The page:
Massive zoning changes proposed


In three community meetings held in late August and early September, the Minneapolis Planning Department presented proposed zoning changes entitled the Midtown Greenway Rezoning Study that would mostly raise the zoning levels for some 1600 parcels from France Avenue to the Mississippi River. They are mostly along the Midway Greenway and Lake Street, but also include Hennepin and Lyndale avenues from Franklin Avenue to 36th Street.  

The proposed changes originally were to be presented to the Planning Commission on September 28.  Instead, public hearings will be held Tuesday, October 13 for the rezoning area east of 35W, and on Monday, October 26 for France Avenue to 35W. Both meetings will be held at City Hall, Room 317 at 4:30 p.m. What the Planning Commission approves would eventually go to the City Council for final approval.

The rationale for the zoning changes is to promote growth in housing density and to have zoning match the City’s adopted future land use plans. These include six area plans such as the Uptown Small Area Plan adopted in February of 2008. The Planning Department also asserts that the City has a legal obligation to ensure that zoning reflects adopted land use goals.  

In the ECCO neighborhood, the main change would be on Hennepin from 31st to 36th Streets. The houses on both side of Hennepin would generally be increased in zoning from R2B to R3. This changes the designation from low density to medium density and would allow developers to obtain conditional use permits for the building of apartment buildings.  

The Uptown Small Area Plan (USAP) (page 62) recommends that “this portion of Hennepin Avenue remain a Community Corridor.”  And, “recommends the future of this area be marked by incremental low-impact changes that maintain the residential buildings and support innovative adaptations to them such that they remain financially viable in the future.”  

In the CARAG neighborhood, the main change would be the conversion from R2B to R3 of residences in the north half of the blocks from Lake Street to 31st Street. Also, the businesses on the west side of Lyndale from Lake to 31st Street would change from C2 (neighborhood corridor commercial district) to C3A (community activity center district). This change would allow more high-density residential use and entertainment uses.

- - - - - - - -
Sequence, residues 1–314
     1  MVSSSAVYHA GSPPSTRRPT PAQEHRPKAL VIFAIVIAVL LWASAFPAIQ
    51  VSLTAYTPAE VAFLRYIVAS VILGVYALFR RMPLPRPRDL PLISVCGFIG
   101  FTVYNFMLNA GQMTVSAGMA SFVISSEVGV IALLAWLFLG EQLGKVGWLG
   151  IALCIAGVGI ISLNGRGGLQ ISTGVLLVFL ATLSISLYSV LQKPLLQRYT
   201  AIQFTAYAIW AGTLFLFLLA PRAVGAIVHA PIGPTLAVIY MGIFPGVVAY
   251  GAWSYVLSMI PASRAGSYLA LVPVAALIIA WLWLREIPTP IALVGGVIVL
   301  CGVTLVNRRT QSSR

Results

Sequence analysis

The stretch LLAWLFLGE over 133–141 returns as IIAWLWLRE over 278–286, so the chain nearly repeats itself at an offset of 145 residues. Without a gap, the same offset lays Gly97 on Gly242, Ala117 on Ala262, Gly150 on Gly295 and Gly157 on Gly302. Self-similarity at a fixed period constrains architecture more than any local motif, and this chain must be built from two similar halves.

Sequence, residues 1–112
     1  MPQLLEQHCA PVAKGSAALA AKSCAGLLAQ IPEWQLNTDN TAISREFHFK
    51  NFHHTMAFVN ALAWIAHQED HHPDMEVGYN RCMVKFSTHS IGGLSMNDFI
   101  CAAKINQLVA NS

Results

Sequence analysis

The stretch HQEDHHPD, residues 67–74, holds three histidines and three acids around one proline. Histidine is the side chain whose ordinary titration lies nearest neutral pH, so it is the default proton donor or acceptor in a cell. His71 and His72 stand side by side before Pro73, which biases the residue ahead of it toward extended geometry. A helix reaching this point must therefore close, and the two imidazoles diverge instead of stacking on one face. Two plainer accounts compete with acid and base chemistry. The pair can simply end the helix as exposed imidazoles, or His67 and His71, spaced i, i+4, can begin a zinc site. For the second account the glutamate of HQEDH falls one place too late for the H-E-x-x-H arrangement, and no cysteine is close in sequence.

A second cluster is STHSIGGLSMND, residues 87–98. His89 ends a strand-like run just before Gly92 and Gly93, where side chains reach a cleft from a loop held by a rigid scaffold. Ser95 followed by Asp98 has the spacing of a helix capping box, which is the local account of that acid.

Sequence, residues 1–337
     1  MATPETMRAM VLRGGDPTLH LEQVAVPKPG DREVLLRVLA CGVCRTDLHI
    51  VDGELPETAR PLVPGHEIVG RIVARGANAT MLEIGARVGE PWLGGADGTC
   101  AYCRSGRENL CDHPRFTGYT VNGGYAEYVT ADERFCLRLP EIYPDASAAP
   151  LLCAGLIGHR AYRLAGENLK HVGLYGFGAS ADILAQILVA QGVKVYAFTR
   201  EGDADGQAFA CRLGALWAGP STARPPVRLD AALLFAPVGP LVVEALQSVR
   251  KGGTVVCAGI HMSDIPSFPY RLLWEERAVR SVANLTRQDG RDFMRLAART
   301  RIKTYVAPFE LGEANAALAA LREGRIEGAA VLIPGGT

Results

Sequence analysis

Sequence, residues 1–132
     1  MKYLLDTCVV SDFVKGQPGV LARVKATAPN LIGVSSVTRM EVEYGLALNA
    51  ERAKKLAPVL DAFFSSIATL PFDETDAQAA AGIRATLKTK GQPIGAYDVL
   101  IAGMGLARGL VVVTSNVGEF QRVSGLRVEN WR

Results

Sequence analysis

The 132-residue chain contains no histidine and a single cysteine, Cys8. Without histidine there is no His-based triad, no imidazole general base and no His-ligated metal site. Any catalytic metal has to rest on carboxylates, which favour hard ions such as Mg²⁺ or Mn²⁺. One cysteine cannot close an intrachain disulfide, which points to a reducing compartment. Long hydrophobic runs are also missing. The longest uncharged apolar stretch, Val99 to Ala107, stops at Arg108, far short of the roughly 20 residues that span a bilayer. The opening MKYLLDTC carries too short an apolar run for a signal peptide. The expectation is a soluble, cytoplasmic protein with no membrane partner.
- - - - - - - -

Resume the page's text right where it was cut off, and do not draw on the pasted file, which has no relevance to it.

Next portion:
The USAP (page 58) says that “The south edge of Lake Street should intensify with mixed-use development.” And, that “The CARAG neighborhood envisions the block between Lake and 31st Street as an appropriate plan for some new lifestyle (medium density, low maintenance, and compact) housing, particularly closer to Lake Street, with greater density than currently exists, and with a scale and form similar to existing houses.”

In the CIDNA area, from France to Thomas Avenues along Lake Street, 83 parcels would be rezoned, mostly from R1 (single family) to R5 (multiple family). In the East Isles neighborhood, significant changes would occur north of the Greenway to 28th Street and between Humboldt and Hennepin Avenues, mostly changing from R2B to R3.

Maps of the changes are available at the City of Minneapolis website. Look under Departments, then Community Planning and Economic Development, then Rezoning Studies, and then Midtown Greenway Rezoning Study. Click on the link entitled “recommendations.” There you can compare maps of the present zoning with maps of the proposed zoning.

Council Member Ralph Remington said that because of the quasi-judicial nature of the rezoning there isn’t much he could say about it, and cannot form an opinion until the proposal is directly before him. Meg Tuthill, a candidate for the 10th Ward Council seat that Remington is vacating, said she feels that such rezoning should be done by the next elected City Council. She feels that the present timeline is “way too fast” and that she does not want people saying they had no real opportunity for providing review and comment. At their September meeting the ECCO Board passed a resolution calling on the City to slow down the process, noting that such massive zoning changes should take “many months”.

Questions and comments can be addressed to Amanda Arnold of the Planning Department, at 612.673.3242 or  

Gary Farland lives in ECCO and serves on the ECCO and Uptown Neighborhood News boards.